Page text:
On his TransylvanianDutch blog, John Newmark defines an amanuensis as “a person employed to write out what another dictates or to copy what has been written by another.” For more information about this daily blogging prompt, see John’s post Amanuensis – Why?.
I have amassed quite a collection of scans of handwritten documents related to my ancestors—primarily marriage records, deeds, and wills. As I have been transcribing these documents, it occurred to me that most of these documents were not actually written by my ancestors, but rather dictated to someone else, and then transcribed by a clerk into official records.
While in Salt Lake City in October, I focused on trying to find records of my Yawman ancestors. I found the following deed in which my 2nd great-grandfather Andrew Yawman and his wife Catherine Sitterly Yawman sold a piece of property to Nicholas Yawman, Andrew’s brother. I did not find the deed representing the original purchase. This typewritten transcript was likely prepared by a clerk many years after the purchase.
“THIS INDENTURE, Made this Twenty Second day of December in the year of our Lord one thousand eight hundred and Forty eight BETWEEN Andrew Yawman and Catherine his wife of the City of Rochester County of Monroe and State of New York of the first part, and Nicholas Yawman of the same place of the second part,
“WITNESSETH, That the parties of the first part, in consideration of the sum of Seven hundred Dollars to them duly paid, have sold, and By these Presents, do grant and conveyto the said part of the second part, his heirs and assigns, all that tract or parcel of
LAND, situate in the said of Rochester and know and distinguished upon a certain map Recorded in Liber sixty two (62) of deeds page two hundred forty one (241) in the Clerks office of the County of Monroe as lot number twenty three (23) being a subdivision of that part of great lots Forty six (46) and Forty seven (47) lying west of the Erie Canal and which said lot twenty three (23) contains ninety two hundredths of an acre of land more or less & being the same premises conveyed by by the Albany City Bank to the said Andrew Yawman by deed bearing date the Tenth day of August 1848.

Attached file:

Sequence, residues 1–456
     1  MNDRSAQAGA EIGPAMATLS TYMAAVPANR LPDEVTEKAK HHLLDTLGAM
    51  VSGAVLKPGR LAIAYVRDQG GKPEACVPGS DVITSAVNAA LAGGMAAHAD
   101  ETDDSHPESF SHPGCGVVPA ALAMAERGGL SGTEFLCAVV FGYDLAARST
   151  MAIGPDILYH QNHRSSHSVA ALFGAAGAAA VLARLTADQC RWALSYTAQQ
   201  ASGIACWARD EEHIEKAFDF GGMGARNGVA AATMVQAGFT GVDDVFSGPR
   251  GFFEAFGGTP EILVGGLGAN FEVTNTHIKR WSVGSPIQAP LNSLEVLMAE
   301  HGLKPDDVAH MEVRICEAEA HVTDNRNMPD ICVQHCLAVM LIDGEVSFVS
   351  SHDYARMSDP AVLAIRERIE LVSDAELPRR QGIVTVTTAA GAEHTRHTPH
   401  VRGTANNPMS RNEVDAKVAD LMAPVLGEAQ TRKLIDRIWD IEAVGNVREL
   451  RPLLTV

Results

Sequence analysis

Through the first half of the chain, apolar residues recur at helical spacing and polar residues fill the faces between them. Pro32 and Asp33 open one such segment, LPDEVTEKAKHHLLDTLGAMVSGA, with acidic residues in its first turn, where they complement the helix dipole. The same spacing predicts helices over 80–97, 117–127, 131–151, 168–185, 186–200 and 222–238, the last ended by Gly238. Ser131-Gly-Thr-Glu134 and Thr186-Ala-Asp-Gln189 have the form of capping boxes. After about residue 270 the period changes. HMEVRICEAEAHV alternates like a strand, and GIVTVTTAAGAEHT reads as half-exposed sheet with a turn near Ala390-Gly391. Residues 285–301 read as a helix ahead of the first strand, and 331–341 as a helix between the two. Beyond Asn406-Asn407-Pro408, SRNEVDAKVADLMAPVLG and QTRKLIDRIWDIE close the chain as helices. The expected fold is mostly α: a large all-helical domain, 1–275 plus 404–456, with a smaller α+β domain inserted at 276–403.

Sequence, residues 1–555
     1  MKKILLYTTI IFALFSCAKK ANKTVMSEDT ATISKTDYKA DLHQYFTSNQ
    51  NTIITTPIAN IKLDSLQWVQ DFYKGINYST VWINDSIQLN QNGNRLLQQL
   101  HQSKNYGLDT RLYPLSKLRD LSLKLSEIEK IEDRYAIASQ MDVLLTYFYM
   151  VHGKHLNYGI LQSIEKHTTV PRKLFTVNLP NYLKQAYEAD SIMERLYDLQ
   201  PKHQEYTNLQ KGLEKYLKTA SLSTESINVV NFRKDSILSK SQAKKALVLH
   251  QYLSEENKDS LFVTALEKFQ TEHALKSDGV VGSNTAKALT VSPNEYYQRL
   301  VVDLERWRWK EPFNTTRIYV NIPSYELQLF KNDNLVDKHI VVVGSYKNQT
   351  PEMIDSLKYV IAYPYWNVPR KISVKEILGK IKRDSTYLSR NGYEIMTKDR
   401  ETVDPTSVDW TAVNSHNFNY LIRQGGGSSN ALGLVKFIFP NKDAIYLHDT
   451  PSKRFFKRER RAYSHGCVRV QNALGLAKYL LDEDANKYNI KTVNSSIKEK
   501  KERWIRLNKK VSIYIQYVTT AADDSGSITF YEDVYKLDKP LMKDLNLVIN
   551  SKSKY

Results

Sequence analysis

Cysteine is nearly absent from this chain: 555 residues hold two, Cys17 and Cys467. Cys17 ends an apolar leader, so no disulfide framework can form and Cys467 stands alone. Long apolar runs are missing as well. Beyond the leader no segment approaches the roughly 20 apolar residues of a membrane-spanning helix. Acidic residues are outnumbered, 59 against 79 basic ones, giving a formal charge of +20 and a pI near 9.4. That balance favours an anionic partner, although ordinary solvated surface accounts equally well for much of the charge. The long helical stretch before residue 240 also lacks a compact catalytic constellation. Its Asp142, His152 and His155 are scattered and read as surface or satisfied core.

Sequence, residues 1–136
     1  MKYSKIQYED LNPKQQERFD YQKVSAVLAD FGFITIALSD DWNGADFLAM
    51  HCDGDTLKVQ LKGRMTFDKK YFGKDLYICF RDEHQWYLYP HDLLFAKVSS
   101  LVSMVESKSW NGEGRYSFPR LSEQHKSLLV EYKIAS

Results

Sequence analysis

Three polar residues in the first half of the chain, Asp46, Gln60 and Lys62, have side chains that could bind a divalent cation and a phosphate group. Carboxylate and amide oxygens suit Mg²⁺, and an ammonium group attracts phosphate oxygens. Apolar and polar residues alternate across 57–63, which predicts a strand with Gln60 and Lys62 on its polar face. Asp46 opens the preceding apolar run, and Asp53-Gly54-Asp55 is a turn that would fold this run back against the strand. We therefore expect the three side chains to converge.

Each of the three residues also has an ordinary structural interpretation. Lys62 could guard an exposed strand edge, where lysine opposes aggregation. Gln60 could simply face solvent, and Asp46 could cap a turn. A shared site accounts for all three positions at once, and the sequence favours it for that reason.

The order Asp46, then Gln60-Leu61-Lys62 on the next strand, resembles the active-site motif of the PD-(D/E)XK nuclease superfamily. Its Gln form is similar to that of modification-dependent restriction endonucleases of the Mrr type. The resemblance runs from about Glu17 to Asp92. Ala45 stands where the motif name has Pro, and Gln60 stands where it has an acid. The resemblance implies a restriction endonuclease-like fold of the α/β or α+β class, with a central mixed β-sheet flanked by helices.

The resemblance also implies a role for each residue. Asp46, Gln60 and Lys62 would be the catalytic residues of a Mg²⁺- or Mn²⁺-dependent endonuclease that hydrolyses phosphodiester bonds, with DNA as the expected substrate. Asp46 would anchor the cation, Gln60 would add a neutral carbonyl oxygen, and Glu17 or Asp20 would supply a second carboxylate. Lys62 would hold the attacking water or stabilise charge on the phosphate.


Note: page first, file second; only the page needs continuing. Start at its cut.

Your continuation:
“WITH THE APPURTENANCES, and all the estate, title and interest therein of the said parties of the first part. And the said Andrew Yawman doth hereby convenant and agree, to and with the said party of the second part, his heirs and assigns, that the premises thus conveyed, in the quiet and peaceable possession of the said party of the second part, his heirs and assigns, he will forever WARRANT AND DEFEND, against any persons whomsoever, lawfully claiming the same or any part thereof.
“IN WITNESS WHEREOF, The parties of the first part have hereunto set their hands and seals the day and year first above written.
“Sealed and Delivered in Presence of
Thomas Moran Jr. Andrew Yawman (L.S.)
Catharine X Yawman (L.S.)
“State of New York )
Monroe County ss: ) On the 27th day of December 1848 personally appeared before me the subscriber Andrew Yawman and Catherine his wife to me known to be the persons described
in the above instrument who acknowledged that they executed the same and the said Catherine on a private examination apart from her husband acknowledged that she executed the same freely and without fear or compulsion of her said husband.
A true copy of the original recorded ) Jeremiah Cutler Comr. of Deeds
Sept. 5, 1850 at 2 O'Clock P.M. & Exam'd.)
John T. Lacey Clerk”
|Source: Monroe, New York, Deed Books, 92: 130, deed, |
Andrew Yawman and wife to Nicholas Yawman,
5 Sep 1850; FHL microfilm 825,856.
© 2011 Denise Spurlock